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Govt probes IPL; Modi likely to exit

Govt probes IPL; Modi likely to exit
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First Published: Tue, Apr 20 2010. 01 15 AM IST

Close watch: Union finance minister Pranab Mukherjee said that IPL investigations have already begun. Raj K Raj/HT
Close watch: Union finance minister Pranab Mukherjee said that IPL investigations have already begun. Raj K Raj/HT
Updated: Tue, Apr 20 2010. 09 57 AM IST
New Delhi/Mumbai: The government has launched a broad-based probe into the funding of the Indian Premier League (IPL) amid speculation that IPL commissioner Lalit Modi will be eased out of the post.
According to Union finance minister Pranab Mukherjee, investigations have already begun. “All aspects including sources of funding and routes through which the funds arrived would be looked into. Appropriate action as per law would be taken. No guilty or wrong-doer will be spared,” he said in the Lok Sabha on Monday.
Close watch: Union finance minister Pranab Mukherjee said that IPL investigations have already begun. Raj K Raj/HT
While the minister did not specify the investigating departments, Mint has ascertained that both the income- tax (I-T) department and the enforcement directorate (ED), which looks at the violation of the country’s rules governing foreign exchange transactions, have begun their investigations.
The investigation wing of the I-T department has asked the Board of Control for Cricket in India (BCCI) to submit ownership details of all the franchisees of IPL, by Tuesday. “We are confident that we will get all the details during this week. As of now the Mumbai wing has documents of the Kochi team,” a senior I-T official said on condition of anonymity. On 16 April, an ED official, who did not want to be identified, had told Mint that the agency was “looking at the funds flow of certain teams”.
Meanwhile, a BCCI official, who did not want to be identified said Modi would be “knocked out” of his position as chairman of IPL, but would continue as the vice-president of BCCI in his capacity as the vice-president of the Punjab Cricket Association.
Modi couldn’t be reached for comment. On Monday evening he tweeted: “Lots in media-speculations. welcome all investigation-ready to extend all cooperation.”
On Sunday, Shashi Tharoor, the former minister of state for external affairs in Prime Minister Manmohan Singh’s government, resigned after almost a week of high drama. Tharoor had been under fire from the opposition parties after it was highlighted by Modi that the minister’s friend Sunanda Pushkar had been issued sweat equity worth Rs70 crore in the Kochi IPL team owned by the Rendezvous Sports World Ltd consortium. The combine won the bid for one of the two teams that will join the league next year, by offering to pay $333.33 million (Rs1,487 crore today).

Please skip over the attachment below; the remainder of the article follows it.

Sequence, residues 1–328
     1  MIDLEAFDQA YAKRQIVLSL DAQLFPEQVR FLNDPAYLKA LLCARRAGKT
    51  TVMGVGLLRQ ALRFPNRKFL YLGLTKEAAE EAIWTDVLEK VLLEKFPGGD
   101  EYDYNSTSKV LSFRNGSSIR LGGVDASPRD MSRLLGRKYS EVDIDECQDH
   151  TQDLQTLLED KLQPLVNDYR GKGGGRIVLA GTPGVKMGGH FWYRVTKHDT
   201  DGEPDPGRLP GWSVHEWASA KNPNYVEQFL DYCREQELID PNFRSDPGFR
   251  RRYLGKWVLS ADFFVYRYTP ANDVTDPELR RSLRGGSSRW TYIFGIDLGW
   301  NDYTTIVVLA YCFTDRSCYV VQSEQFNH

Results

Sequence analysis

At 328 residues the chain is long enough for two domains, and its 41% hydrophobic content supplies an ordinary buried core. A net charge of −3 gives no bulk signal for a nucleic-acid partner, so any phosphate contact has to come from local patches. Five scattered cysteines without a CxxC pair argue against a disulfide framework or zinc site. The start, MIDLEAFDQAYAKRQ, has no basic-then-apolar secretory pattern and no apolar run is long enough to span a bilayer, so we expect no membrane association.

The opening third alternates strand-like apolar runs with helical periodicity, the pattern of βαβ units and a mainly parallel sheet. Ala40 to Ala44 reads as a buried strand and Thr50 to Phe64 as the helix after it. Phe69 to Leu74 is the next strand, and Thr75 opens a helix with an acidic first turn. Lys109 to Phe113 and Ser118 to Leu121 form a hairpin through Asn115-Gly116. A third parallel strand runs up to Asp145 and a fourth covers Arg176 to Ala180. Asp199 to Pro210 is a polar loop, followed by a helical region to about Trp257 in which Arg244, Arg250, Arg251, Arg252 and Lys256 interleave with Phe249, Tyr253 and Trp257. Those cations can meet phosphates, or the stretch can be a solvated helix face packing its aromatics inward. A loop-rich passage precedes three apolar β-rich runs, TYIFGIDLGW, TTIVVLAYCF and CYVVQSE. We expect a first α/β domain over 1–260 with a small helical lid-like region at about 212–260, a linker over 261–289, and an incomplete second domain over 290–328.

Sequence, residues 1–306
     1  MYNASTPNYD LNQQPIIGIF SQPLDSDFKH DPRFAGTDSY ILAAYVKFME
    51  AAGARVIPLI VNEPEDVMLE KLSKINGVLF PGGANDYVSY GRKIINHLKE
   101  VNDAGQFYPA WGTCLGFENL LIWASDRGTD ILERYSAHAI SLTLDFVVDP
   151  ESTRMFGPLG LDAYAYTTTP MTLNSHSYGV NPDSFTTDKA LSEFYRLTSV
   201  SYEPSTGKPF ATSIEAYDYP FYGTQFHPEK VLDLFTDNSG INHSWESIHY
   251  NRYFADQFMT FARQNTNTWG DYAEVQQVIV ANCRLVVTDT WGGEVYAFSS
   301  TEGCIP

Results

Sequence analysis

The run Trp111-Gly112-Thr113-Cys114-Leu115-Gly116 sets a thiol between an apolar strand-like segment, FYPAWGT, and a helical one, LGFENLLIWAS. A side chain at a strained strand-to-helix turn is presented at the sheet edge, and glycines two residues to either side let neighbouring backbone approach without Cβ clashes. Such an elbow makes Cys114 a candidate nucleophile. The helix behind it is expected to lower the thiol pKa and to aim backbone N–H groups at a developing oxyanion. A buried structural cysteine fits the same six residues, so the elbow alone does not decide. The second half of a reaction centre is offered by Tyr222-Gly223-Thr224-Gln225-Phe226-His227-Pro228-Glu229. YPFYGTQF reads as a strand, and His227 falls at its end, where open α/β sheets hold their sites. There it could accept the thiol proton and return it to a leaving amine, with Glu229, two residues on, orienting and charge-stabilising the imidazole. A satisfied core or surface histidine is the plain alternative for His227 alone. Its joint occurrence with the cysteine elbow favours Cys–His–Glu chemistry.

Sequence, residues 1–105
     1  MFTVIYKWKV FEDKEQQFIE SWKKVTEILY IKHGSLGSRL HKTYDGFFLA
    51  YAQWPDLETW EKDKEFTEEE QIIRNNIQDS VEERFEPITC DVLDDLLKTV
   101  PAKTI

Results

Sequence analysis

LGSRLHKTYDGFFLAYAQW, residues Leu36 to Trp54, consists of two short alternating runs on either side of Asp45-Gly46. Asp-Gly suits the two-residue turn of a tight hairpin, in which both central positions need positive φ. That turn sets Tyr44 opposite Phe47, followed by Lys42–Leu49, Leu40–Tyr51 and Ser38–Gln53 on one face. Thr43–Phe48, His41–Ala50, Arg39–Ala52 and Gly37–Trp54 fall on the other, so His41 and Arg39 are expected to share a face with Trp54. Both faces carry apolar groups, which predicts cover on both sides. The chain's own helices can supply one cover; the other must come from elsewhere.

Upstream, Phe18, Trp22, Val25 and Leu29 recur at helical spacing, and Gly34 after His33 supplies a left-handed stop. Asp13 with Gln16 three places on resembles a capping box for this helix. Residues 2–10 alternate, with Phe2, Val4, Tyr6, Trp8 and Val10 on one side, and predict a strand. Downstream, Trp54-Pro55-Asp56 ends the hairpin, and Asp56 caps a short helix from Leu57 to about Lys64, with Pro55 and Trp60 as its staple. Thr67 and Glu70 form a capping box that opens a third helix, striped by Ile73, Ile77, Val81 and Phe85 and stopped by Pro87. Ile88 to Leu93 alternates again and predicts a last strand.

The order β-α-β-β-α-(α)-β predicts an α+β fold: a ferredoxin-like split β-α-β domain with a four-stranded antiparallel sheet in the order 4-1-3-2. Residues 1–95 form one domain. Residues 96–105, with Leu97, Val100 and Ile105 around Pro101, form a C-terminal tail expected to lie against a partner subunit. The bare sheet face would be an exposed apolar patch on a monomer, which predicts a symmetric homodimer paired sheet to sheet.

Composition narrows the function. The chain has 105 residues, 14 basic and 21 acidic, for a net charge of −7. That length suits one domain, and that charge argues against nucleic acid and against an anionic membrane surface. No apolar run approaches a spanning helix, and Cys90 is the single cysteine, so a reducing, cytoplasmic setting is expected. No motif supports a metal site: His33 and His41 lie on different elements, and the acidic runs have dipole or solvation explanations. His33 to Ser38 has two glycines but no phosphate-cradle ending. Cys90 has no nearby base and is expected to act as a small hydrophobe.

Modi’s future
BCCI president Shashank Manohar has discussed a date for the meeting of the board’s governing council with Modi, said N. Srinivasan, secretary BCCI. He refused to disclose BCCI’s stand in the ongoing controversy. However, the BCCI official cited in the first instance claimed that in the course of an unofficial meeting of the council that took place in Dharamshala in the last weekend, it was decided that Modi would be asked to step down from the post of chairman. “It will, however, be made official only after the governing council meeting.”
Another BCCI governing council member who did not want to be identified said: “Lalit Modi finds himself in a severe minority in the BCCI and in IPL governing council.”
This person added that the books of BCCI, being investigated by the I-T department, were “transparent” and that the only issue the board needed to address was “Modi.”
Legal basis
A lawyer said the government’s investigation of BCCI can be challenged by the body.
“BCCI can still approach a court of law and ask on what grounds (the inquiry on IPL), because their stand has always been that it is a private body, not a government or public body to be subject to such scrutiny,” said Amrut Joshi, a lawyer, who heads the sports practice at MMB Legal, a Bangalore-based corporate law firm. On Monday, the Opposition continued to attack the government on the issue with some of them seeking a probe into IPL by a parliamentary body. Raising the matter in the Lok Sabha, Communist Party of India (CPI) member of Parliament Gurudas Dasgupta alleged that the 20 overs IPL format was a “game of gambling”.
Dasgupta said: “Root of the issue is laundering of black money... A large part of money is coming through Mauritius from Dubai. Swiss bank money is also being laundered.” He demanded an investigation of the league by a joint parliamentary committee.
Senior politicians, Sharad Yadav of the Janata Dal-United, Lalu Prasad of the Rashtriya Janata Dal and the Samajwadi Party’s Mulayam Singh Yadav, backed the CPI leader’s demand. “IPL has become a hub of match-fixing and should no longer continue,” said Sharad Yadav. Deputy leader of main opposition Bharatiya Janata Party (BJP), Gopinath Munde alleged that IPL was a scam involving black money.
Significantly, while Congress representatives did not comment in the House, senior party leader and cabinet minister Vayalar Ravi concurred with the Opposition. Terming IPL as a “glorified gambling”, he told reporters outside Parliament, “it is for the government to look into the whole system”. “What is the IPL? Who are the people (behind the teams)? Where is the money coming from?”
liz.m@livemint.com
Santosh K. Joy of Mint and PTI contributed to this story.
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First Published: Tue, Apr 20 2010. 01 15 AM IST